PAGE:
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Menski, Werner F (2011) 'Hinduism and Human Rights.' In: Witte, John and Green, M. Christian, (eds.), Religion and Human Rights: An Introduction. Oxford: Oxford University Press, pp. 71-86.

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Abstract

This chapter examines whether Hinduism is compatible with human rights. Using the methodology of legal pluralism and what AbdullahiAn-Na'im calls “civic reason,” it analyzes the claim that Hindu religion and culture is a collection of backward normative systems that violates even the most basic of human rights. It then explores how even well-meaning human rights activism fails to involve Hindus in respectful discussions about negotiating diversities and different perspectives. It also explains how different kinds of Hindus have cultivated their own understanding of human rights, and how in the process they may also fail to portray their respective religious and cultural perspectives adequately to a wider world. Finally, the chapter highlights significant breakdowns of intercultural communication that is quite different from deliberately misleading interjections and outright rejection of “the other”.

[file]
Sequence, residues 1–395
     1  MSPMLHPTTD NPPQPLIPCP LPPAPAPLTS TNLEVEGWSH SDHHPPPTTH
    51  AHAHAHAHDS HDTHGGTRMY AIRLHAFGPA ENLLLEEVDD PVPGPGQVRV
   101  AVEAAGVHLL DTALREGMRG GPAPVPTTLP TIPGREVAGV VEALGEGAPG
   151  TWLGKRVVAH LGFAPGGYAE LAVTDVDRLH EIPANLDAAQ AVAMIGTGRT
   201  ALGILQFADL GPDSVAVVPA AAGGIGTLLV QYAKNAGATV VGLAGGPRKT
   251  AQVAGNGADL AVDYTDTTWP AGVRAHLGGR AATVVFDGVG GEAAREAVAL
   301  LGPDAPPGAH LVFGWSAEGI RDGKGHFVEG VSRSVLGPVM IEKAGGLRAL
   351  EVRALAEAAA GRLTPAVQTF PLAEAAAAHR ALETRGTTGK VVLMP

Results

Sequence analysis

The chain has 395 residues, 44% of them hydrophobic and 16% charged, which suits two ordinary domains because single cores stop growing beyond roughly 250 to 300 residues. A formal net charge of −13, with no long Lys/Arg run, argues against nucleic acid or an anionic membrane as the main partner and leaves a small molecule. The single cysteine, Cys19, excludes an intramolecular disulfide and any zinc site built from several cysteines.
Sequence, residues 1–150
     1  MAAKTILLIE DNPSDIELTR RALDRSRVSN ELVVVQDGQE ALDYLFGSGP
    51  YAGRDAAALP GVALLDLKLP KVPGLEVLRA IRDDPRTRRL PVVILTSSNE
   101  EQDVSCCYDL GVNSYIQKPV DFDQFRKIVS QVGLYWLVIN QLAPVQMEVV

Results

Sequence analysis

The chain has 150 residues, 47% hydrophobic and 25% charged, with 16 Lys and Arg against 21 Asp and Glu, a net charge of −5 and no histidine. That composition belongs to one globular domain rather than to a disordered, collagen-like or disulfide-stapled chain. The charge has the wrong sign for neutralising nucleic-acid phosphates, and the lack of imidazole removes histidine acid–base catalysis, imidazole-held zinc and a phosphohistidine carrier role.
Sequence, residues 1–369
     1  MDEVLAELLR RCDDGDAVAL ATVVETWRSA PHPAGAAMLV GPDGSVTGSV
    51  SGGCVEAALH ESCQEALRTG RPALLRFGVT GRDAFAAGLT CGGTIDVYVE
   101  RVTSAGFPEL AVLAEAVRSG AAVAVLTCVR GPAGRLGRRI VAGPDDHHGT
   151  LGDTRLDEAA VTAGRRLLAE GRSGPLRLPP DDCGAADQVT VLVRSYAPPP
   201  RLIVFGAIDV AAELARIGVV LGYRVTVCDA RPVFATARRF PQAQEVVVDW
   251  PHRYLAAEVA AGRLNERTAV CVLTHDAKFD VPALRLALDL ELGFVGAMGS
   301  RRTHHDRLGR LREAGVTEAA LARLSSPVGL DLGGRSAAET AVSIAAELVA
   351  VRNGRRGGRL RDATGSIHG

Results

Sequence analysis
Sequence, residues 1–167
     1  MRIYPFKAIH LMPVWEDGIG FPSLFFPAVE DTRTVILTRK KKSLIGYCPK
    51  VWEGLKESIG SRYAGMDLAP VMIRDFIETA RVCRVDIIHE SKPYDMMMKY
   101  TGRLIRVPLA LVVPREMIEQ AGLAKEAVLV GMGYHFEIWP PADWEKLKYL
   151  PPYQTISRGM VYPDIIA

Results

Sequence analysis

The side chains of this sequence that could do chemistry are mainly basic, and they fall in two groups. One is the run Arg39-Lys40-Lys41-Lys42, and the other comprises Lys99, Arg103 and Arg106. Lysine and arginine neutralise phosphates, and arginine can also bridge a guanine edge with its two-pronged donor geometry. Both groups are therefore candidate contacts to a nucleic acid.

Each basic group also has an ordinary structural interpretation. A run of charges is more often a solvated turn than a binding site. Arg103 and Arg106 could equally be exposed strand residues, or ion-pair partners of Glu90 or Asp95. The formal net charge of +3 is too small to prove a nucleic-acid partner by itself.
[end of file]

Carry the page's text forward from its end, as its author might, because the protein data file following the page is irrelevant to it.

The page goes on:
Item Type: Book Chapters
SOAS Departments & Centres: Departments and Subunits > School of Law
ISBN: 9780199733453
DOI (Digital Object Identifier): https://doi.org/10.1093/acprof:osobl/9780199733453.003.0004
Date Deposited: 20 Oct 2021 08:48
URI: https://eprints.soas.ac.uk/id/eprint/35698

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